...About not only the limited ways we viewed things in the past (not even beginning to imagine the hidden costs of sprawl, exhaust pollution, road runoff pollution, or what the increasing demand for a particular fuel would do to our foreign policy, and security costs), but also provide us with a metaphor for what we face now.
The deficiencies that this film is trying to make us aware of, whatever the ultimate motivation might have been to provide them, illustrates how you could ask very similar questions about the delivery, and maintenance, of any key piece of infrastructure in today's America. Our roads and highways. Our means to coordinate the production, and distribution of electrical, or gas fired power. Our systems of clean water production and distribution. Our systems to properly collect, and treat human, as well as industrial, sewage. Our system to provide commercial aviation ports and safe flight routing. Etc. And these are just the big, physical flow systems. Don't forget that most critical human services are merely delivery systems of one form or another as well; as in, say, healthcare, or overall information pathways, not to mention affordable housing, and food.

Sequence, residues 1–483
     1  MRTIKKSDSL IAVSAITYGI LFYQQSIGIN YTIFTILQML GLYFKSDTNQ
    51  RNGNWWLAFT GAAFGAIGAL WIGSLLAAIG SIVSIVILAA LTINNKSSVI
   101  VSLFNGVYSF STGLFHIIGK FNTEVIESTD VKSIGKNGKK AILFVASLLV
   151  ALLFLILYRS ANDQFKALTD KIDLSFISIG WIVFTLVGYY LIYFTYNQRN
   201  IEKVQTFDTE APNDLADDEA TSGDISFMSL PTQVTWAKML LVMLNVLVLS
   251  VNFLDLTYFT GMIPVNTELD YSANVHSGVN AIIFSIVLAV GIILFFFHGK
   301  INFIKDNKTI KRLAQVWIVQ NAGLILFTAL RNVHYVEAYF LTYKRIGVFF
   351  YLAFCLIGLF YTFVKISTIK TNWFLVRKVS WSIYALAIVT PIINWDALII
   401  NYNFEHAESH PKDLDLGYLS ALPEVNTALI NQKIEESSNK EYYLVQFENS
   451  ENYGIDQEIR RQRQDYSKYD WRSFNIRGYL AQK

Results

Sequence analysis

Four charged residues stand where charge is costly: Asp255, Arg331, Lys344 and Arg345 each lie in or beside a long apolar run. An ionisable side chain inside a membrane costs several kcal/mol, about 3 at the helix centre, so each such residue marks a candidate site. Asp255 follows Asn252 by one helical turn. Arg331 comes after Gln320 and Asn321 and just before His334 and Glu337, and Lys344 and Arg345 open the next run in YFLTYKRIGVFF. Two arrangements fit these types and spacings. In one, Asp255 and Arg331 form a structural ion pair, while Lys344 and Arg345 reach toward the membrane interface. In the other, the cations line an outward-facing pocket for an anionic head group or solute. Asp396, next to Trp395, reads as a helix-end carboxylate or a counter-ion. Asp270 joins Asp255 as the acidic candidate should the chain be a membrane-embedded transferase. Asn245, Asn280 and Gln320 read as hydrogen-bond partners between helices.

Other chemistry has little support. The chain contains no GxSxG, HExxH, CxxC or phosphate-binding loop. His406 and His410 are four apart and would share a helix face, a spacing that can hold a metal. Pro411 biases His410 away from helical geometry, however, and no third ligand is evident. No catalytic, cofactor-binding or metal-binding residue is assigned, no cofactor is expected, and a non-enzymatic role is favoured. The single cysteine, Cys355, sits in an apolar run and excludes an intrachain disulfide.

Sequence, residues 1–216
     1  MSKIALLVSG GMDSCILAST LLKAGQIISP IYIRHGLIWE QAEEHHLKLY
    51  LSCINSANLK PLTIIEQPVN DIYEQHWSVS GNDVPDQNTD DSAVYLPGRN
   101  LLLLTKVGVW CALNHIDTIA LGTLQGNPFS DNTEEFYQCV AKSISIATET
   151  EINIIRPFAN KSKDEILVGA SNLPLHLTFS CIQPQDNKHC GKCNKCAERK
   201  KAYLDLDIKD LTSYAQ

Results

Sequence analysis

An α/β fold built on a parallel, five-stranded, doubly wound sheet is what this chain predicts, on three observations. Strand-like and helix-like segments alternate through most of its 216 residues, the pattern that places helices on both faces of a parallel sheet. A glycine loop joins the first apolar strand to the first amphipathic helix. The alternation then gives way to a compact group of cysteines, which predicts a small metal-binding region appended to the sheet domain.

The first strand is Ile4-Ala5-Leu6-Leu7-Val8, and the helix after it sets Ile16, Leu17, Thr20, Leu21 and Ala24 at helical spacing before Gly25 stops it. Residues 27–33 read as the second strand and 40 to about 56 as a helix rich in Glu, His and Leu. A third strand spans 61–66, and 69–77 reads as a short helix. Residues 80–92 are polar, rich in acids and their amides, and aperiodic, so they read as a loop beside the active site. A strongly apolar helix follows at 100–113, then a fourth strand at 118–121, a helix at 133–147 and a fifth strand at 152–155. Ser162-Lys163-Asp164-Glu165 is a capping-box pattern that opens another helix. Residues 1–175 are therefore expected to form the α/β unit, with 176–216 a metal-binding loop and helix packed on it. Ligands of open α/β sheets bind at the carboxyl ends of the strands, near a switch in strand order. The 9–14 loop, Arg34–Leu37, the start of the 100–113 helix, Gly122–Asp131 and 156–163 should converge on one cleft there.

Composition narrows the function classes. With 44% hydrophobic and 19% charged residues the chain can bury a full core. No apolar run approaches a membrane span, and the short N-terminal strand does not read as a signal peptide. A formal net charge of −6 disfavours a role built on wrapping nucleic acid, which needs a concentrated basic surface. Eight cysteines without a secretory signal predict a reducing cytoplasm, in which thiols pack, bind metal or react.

What this film is talking about has been repeated many times over, and will likely be repeated again and again, assuming things hold together long enough. And the basic problem is also as it has always been: who pays, and who benefits the most.
Obviously, a manufacturer of cars might have other reasons for making this pitch than simple civic altruism, but it serves to beg the point: If the way we go about making these decisions has come to a very complicated impasse, perhaps it's time to start asking basic question on how we operate as a whole system. Maybe that system, as a whole, is broken, just like the old roads shown in the film, beyond the point of continually trying to put a patch here, or there. Perhaps its time, in fact, to start over and figure out an entirely new approach.
Maybe the green light here is to give yourself permission to ask about what might have seemed to be a very radical notion, even only a year ago. Radical only because we've kept our vision too narrowly focused for too long. Radical only because what we once thought was way beyond crazy last year is quite common place now (Republicans sucking up to Russians? Russians sucking up to Fascists? A White House one can now only describe as some kind of suicidal clown car that doesn't seem to have breaks, steering wheel, or anybody who could use them even if they were there. Are you kidding me?)
More things to think about. More things to be better informed about. More reason to ask deeper questions. More reason for you, and your friends, to take peaceful action.
Better Roads: "Give Yourself the Green Light" 1954 GM; Lobbying for Interstate Highway System